Childe's Tomb

 

 

 

 

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Childe's Tomb

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On the edge of the infamous Fox Tor Mire stands an old stone cross, it's mounted upon a three stepped pedestal. This ancient cross is said in legend to be the tomb of Childe the Hunter who was a wealthy Saxon lord who loved the thrill of the chase. The legend tells of how one winter when Childe was out hunting he became trapped on the moor by a violent storm and became utterly stranded. In order to stay alive he disembowelled his horse and crept inside its carcass in the hope of keeping warm. Sadly this was not the case and he froze to death inside his carcass shelter.

 

Childes Tomb.

 

The tomb although marked on many maps is not included on Donn's 1765 map of Devon. Risdon, in his survey of Devon does tell the story of Childe the Hunter, this was published in 1650 and is probably the first mention of the tale. He also speaks of the tomb being one of the "three remarkable" things of Dartmoor. and says "...The second is Childe's of Plimstock tomb." The story is related by Mrs Bray in 1879, pp 213-4, who mentions the Childe's Tomb and its inscription. T

 

Childe's Tomb - 1826 P. H. Rogers

 

The actual tomb that stands today, according to Crossing, 1987, p.89-94, was "perfect" until 1812 when it was virtually destroyed by workmen building the nearby farmhouse of Fox tor. In 1826 Carrington recorded the tomb as consisting of a pedestal formed by three steps, a socket and groove for the cross which had its shaft broken. Crossing then goes on to relate how he found the ruined grave and eventually 9 of the 12 pillars that formed the pedestal. He later discovered that three more at the one time Fox tor farm.

The cross was seen in 1823 and 1825 and then it vanished. Crossing records how he found the head of a cross in 1881 in the corner of one of the old Fox tor enclosures but was unsure whether it came from Childe's Tomb. The tomb was restored in 1885 by the Dartmoor Preservation Association and as Harrison notes, 2001, p.69, a new cross and socket-stone were cut. Hemery, 1983, p.360, adds that the stone was cut in Holne. Sandles, 1997, p.28 measures the 'new' cross at a height of 3.37ft (1.03m) and a span of 1.67ft (51cm).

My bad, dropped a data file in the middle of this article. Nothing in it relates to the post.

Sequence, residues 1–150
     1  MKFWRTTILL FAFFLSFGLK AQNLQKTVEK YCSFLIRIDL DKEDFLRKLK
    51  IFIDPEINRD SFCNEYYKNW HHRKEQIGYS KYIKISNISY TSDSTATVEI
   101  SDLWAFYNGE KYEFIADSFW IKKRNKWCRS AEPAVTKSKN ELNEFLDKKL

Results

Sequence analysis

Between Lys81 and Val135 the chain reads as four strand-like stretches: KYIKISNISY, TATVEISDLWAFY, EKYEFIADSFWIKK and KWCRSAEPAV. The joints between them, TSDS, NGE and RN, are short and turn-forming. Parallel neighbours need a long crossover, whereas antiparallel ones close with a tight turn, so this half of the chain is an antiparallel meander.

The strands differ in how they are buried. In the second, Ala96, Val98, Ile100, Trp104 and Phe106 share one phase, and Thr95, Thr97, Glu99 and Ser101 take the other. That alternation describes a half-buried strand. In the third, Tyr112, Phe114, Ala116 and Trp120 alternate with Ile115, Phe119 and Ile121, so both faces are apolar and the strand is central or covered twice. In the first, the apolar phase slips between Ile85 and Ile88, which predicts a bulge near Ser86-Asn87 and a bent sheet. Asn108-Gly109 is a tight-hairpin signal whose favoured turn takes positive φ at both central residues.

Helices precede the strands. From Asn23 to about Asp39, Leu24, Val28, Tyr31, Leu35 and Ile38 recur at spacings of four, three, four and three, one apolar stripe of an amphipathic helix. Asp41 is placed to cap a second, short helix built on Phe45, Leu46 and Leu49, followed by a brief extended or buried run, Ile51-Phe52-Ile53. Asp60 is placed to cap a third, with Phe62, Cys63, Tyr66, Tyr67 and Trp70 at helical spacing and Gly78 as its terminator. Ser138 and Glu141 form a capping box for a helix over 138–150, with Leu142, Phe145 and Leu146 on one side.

Butler, 1993, pp.218-220, remarks how the tomb was a Christianised cairn. He also quotes how Crossing found the open and robbed kist in 1812. He also describes the kist as having a kerb retaining circle which once surrounded the covering cairn. Outside this re-erected kerb can be seen a circular scatter of what was probably the original cairn stones.

Nobody has ever found the slab that Risdon described with the inscription on so maybe that was poetic licence.

The place of Guile Bridge is generally regarded as either being the Guild Bridge or alternatively the Abbey Bridge, both in Tavistock.

 

Bibliography.

Bray, A. E. 1879 The Borders of Tamar & Tavy, W. Kent, London.

Butler, J. 1993 Dartmoor Atlas of Antiquities Vol. IV, Devon Books, Exeter.

Crossing, W. 1987, The Ancient Stone Crosses of Dartmoor, Devon Books, Exeter.

Finberg, H. P. R. 1969 Tavistock Abbey, David & Charles, Newton Abbot.

Harrison, B. 2001, Dartmoor Stone Crosses, Halsgrove Pub,. Tiverton.

Hemery, E. 1983 High Dartmoor, Hale, London.

Sandles, T. 1997 A Pilgrimage to Dartmoor's Crosses, Forest Pub., Liverton.

 

 

 

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05/01/2013